Size: 12.5″ x 14.5″
Signed and dated: Fedden ’00
Framing: Italian 18th century black painted moulding frame
Provenance: Lena Boyle Fine Art
illustrated page 115, Mary Fedden Enigmas and Variations (Christopher Andreae 2007)
illustrated page 174, Mary Fedden and Julian Trevelyan – Life and Art by the River Thames (José Manser 2012)
‘Fruit’ is a vibrant example of Mary Fedden’s fairly unusual use of a mixture of gouache and collage in an artwork. In his book Mary Fedden Enigmas and Variations, Christopher Andreae refers to this technique and this particular painting:
“Though perhaps her least conventional medium, collage is now almost a century old as a way of making pictures. Sticking cut-out or torn fragments to the paper surface, which has a background of gouache washed over it, gives full play to her visual wit and compositional ingenuity. Her Surrealist side comes out, unexpectedly juxtaposing objects, textures and even different styles in a mix of knowing design and happy chance.
“It was during his lifetime that [Mary Fedden] began the process of making use of cast-off fragments from Julian Trevelyan’s rejected prints in her collages. He liked the result and its touch of mischief. She has continued this fascinating practice ever since, in works such as Fruit (2000). She described the process to John Russell Taylor in The Times in 1995. He had spotted a ‘basket in the studio full of dismembered prints’. She said, “You might think that is my wastepaper basket. Actually, it’s my collage basket.””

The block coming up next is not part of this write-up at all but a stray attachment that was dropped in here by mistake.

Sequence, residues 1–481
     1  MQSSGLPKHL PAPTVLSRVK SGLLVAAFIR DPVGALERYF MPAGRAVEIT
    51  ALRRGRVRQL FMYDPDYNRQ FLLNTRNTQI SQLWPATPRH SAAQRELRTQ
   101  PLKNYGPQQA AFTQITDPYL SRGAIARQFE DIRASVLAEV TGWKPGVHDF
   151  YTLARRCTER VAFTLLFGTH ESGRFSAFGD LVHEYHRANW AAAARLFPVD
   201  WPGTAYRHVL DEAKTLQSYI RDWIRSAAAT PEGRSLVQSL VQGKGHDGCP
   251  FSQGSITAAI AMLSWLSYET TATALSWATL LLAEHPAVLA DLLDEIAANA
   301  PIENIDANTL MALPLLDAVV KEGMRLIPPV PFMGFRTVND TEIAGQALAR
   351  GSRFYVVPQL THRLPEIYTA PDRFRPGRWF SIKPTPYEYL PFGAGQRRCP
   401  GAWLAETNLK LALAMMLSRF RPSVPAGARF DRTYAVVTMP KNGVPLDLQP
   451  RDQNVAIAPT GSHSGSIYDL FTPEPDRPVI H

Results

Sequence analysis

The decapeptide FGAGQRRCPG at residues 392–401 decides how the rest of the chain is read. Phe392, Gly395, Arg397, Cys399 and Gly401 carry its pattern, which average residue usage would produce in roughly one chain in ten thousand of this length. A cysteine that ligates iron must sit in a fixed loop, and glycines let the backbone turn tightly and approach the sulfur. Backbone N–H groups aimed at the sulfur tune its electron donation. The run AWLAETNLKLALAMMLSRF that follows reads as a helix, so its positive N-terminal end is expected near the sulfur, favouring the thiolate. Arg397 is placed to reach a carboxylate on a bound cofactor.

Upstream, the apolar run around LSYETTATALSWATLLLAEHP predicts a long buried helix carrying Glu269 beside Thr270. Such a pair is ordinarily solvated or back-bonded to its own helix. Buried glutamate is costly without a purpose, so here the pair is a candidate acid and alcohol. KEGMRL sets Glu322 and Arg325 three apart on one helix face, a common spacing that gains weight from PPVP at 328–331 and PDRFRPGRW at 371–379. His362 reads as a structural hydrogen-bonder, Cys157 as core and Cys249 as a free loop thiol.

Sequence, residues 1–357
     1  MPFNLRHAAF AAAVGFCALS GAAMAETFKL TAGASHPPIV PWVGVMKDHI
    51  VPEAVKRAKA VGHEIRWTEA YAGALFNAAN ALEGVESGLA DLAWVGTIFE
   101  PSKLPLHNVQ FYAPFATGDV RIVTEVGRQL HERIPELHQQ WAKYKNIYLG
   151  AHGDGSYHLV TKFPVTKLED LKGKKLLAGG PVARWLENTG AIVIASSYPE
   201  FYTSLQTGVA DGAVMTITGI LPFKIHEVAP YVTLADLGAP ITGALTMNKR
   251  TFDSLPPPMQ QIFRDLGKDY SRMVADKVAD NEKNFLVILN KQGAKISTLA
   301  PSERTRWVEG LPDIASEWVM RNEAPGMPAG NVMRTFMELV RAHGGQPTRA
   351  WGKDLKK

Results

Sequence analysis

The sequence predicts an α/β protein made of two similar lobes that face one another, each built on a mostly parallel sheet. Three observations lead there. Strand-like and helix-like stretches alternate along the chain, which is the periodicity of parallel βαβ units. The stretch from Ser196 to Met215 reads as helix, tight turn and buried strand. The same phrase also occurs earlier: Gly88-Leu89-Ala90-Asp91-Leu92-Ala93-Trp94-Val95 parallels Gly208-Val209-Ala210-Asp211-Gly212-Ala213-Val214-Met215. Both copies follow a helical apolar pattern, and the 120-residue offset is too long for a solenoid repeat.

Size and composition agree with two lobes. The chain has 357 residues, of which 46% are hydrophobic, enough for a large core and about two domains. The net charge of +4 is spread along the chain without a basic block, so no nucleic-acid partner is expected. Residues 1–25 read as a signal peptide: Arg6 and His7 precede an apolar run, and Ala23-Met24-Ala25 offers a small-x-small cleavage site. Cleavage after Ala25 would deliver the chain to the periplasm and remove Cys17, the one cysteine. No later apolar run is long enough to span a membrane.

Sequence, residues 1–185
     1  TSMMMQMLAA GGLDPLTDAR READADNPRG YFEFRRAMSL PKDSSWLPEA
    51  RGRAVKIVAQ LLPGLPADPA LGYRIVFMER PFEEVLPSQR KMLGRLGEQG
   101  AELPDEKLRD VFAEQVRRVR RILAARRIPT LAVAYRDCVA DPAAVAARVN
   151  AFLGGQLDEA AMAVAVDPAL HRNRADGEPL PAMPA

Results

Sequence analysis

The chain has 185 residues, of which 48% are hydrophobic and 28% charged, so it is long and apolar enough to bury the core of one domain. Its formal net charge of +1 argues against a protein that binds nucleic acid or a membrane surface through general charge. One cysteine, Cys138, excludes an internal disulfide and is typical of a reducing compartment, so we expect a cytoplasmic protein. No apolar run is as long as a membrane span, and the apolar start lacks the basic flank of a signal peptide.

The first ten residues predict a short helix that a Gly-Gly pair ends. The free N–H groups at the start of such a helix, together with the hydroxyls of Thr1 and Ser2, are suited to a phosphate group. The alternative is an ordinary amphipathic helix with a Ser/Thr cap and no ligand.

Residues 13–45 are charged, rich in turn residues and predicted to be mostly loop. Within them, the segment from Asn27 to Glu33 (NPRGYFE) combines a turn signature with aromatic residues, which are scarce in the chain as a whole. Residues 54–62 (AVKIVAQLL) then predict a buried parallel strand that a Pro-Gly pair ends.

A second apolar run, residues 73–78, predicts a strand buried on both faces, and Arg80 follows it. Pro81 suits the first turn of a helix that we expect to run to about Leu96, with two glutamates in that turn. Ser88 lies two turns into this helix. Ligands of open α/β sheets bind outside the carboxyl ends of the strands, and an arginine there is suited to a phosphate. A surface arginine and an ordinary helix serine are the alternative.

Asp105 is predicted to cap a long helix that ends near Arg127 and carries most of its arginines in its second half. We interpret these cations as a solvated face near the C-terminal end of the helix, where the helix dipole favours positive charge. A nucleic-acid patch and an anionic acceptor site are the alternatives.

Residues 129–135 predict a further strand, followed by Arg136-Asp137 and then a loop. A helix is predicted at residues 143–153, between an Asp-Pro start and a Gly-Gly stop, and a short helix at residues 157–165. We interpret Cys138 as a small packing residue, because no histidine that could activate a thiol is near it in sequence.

As mentioned previously, Mary Fedden had a rare talent for presenting everyday objects and simple themes in ‘staged’ compositions. She made brilliantly effective use of colour, again demonstrated by this dramatic collage ‘Fruit’. This is a really good example of one of Mary’s collages, incorporating both Julian Trevelyan’s discarded prints and torn scraps of other waste paper, all embellished with tissue, silvered paper and vibrant splashes of gouache. Quite a combination!
Fruit is a great example of Mary Fedden’s collages, making use of Julian Trevelyan’s prints. For this reason it has been selected for illustration in two major works on Mary Fedden: